NEA: You started a theater blog last year. What inspired your writing in this form?
LAWTON: When Blake Robison (former artistic director at Round House Theatre and current artistic director at Cincinnati Playhouse) nominated me as a TCG Young Leader of Color, I was launched onto a national platform. I wanted to use that platform to mobilize change toward race and gender parity in the theater. In August 2012, I reached out to a group of women playwrights in DC to interview them for my blog. I didn’t know who would respond but they all said yes! Not only that, they introduced me to other women playwrights. It was such a great feeling to connect with these women, to share our experiences and have these powerful, direct, and intimate conversations.
NEA: You’ve told us you’re involved in at least two blogging projects. Why do you think a blog is a good forum for having these types of conversations? What are the particular challenges? What does the blog form foster that traditional media platforms do not?
LAWTON: What I love about writing in this form is that I can curate conversations and showcase the great work of many deserving but overlooked artists anytime I want. And I don’t have to wait for anyone’s permission or approval. What’s challenging, however, is that not everyone has time to have these conversations and some don’t feel comfortable expressing their ideas in the written word. Ultimately, my blog has allowed me to share my voice and be an advocate.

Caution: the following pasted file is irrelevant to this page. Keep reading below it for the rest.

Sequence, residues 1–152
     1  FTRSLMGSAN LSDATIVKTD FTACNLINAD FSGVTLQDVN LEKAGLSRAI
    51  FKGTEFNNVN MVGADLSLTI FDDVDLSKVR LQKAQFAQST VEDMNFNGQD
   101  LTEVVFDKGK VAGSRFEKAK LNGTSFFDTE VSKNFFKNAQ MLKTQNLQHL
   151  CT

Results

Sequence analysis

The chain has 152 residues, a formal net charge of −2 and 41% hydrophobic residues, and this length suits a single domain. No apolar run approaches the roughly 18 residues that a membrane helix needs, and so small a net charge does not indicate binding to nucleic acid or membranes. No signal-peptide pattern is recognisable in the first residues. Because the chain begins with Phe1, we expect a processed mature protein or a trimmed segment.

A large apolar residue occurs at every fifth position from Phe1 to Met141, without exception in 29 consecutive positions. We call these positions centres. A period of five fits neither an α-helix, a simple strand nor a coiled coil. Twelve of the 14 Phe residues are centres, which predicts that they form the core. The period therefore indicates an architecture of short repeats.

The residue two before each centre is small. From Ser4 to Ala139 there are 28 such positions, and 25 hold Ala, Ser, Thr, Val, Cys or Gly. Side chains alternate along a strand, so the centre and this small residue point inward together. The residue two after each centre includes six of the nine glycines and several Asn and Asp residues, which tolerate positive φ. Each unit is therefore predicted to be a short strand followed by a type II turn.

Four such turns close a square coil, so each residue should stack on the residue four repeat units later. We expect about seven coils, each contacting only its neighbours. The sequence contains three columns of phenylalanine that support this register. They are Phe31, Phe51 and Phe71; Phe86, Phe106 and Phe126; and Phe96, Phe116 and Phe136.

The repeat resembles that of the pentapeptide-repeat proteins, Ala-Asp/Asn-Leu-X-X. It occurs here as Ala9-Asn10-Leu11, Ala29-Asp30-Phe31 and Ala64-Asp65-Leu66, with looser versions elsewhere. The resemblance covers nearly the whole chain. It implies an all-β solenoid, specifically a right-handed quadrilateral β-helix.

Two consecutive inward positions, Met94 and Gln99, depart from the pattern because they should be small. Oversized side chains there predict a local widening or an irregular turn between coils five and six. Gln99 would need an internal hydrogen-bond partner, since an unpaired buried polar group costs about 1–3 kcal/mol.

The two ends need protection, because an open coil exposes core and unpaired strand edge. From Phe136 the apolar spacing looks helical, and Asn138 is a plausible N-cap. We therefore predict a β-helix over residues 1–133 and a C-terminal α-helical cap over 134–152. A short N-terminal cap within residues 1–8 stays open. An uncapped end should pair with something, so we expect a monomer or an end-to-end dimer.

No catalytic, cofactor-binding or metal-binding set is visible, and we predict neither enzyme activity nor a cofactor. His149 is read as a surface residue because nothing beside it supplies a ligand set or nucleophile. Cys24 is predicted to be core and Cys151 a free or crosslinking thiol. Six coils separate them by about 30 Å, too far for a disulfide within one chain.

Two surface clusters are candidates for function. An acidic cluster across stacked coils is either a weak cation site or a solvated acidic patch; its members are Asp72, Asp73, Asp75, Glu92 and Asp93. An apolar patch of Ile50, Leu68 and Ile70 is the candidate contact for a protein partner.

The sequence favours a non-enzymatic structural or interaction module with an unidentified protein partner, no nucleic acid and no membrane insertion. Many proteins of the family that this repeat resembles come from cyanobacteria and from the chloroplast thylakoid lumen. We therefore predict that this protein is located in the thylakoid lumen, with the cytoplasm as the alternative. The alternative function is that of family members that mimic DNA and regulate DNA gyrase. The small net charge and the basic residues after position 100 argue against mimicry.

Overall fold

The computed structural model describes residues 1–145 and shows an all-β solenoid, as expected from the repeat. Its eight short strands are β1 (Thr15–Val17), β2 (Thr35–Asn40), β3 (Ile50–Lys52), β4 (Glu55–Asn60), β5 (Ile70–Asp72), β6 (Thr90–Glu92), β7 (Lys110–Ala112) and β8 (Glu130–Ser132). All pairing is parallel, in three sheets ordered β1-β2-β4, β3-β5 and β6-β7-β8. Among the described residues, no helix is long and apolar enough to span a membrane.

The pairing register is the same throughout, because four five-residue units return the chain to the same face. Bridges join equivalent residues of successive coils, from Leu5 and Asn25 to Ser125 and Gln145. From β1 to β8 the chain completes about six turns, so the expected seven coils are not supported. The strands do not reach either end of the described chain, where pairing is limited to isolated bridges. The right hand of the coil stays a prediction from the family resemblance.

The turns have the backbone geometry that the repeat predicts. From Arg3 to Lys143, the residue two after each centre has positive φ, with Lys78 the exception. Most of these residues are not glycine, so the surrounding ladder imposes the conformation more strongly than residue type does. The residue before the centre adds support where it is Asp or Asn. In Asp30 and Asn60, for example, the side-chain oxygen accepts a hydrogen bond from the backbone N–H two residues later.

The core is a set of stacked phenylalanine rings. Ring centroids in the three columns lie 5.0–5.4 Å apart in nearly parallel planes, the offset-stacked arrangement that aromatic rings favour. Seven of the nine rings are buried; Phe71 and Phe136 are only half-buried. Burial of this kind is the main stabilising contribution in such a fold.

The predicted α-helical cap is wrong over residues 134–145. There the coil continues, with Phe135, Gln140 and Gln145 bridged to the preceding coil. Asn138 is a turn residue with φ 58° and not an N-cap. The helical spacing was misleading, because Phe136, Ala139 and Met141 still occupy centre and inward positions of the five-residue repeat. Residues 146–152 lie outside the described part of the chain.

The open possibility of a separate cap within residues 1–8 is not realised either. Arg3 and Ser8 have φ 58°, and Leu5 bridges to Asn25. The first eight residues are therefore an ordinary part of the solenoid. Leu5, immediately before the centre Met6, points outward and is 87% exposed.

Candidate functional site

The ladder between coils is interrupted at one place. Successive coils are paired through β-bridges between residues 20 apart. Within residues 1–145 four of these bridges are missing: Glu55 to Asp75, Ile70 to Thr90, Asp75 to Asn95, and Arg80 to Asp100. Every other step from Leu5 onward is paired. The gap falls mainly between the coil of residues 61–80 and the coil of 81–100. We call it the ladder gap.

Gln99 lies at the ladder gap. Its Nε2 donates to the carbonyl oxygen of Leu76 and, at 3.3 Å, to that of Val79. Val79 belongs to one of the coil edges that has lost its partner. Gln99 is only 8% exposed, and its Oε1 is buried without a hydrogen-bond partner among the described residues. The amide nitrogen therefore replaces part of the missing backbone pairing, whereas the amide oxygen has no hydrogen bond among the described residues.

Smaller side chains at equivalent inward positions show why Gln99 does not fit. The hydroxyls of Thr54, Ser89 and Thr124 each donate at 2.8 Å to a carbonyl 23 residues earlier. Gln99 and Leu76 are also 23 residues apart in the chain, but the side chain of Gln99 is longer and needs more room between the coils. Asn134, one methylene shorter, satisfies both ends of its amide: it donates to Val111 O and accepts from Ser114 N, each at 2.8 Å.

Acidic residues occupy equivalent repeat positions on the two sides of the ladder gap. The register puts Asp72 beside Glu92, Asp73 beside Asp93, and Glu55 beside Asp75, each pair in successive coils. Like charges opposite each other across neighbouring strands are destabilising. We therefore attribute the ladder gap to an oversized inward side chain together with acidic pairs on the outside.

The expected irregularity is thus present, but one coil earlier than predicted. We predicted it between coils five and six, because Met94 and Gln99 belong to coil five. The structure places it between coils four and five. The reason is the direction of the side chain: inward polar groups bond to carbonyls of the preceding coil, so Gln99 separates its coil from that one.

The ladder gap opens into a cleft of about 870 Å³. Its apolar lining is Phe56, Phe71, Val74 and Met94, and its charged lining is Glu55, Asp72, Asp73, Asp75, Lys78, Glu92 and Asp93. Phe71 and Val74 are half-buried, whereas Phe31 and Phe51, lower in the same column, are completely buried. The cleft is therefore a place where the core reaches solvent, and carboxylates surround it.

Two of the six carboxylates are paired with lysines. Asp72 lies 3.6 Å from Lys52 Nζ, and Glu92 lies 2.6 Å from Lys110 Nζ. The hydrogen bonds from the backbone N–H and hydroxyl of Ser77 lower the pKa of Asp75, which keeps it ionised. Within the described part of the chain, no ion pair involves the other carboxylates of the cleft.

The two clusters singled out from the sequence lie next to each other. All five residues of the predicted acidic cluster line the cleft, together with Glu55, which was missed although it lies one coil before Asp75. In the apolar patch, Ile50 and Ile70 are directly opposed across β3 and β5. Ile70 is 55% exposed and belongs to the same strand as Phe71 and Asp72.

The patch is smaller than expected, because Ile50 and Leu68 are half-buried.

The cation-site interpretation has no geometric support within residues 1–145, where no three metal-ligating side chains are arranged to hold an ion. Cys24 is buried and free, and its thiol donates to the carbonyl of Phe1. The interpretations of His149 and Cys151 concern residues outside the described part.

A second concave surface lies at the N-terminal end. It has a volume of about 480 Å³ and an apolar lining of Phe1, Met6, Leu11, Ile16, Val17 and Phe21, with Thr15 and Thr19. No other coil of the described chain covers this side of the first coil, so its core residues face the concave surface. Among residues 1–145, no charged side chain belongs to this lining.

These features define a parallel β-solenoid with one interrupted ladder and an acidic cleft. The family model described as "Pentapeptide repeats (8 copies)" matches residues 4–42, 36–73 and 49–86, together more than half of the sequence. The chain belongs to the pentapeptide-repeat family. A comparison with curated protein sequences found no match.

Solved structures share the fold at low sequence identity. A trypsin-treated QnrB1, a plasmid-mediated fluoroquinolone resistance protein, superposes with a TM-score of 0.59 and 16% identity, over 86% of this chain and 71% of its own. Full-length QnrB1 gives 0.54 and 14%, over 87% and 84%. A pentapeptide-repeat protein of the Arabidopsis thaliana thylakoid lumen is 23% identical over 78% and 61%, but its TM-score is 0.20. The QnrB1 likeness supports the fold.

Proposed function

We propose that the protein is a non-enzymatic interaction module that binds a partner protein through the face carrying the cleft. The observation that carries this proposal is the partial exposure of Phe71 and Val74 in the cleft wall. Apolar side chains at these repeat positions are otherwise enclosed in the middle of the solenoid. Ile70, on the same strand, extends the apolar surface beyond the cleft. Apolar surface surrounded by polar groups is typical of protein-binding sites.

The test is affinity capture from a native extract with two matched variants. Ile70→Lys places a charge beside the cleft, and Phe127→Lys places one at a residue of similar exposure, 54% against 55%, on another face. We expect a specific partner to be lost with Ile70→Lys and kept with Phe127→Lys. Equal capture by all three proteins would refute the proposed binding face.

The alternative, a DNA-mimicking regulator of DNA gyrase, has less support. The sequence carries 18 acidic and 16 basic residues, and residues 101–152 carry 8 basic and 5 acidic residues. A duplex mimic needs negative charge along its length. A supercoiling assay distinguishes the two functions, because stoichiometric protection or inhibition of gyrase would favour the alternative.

NEA: How does writing on your blog about other plays and playwrights influence your playwriting?
LAWTON: Writing for my blog combines my two favorite things. One, I'm curious and a complete social butterfly. I love learning about what other writers are doing in their creative processes, how they integrate the world around them into their work, how they are pushing form, and what issues are of concern to them. Second, blogging allows me to showcase the work of other artists, which is especially significant given that there are so few theater opportunities for women and people of color.
Interestingly, a friend of mine said to me, "Oh, now you're a critic." That struck me. I'm not a critic in the sense of reviewing a specific artwork, but I am interested in having critical conversations with the theater community. Ultimately, this blog is part of my artistic and social advocacy. With it, I am able to bring awareness to the work of women and artists of color.
NEA: Has the blog changed the way you actually write your plays? Not the subject matter, but how you put together words.
LAWTON: While it hasn’t changed the way that I write, the blog allows me to speak about my writing process and call attention to the issues that my plays address. Also, I feel that when I’m in conversation with various theater artists that I’m in a master class. DC has some of the smartest, talented, most passionate theater artists working in this country. It is an extraordinary privilege to engage with them. Next up, I’ll be launching the Women Stage Managers of DC, and I want to speak with designers and teaching artists as well.
NEA: The definition of an arts critic and/or arts journalist is no longer a simple “gets paid to write about the arts.” What do you think the word critic means in the 21st century? How is that the same or different than previously?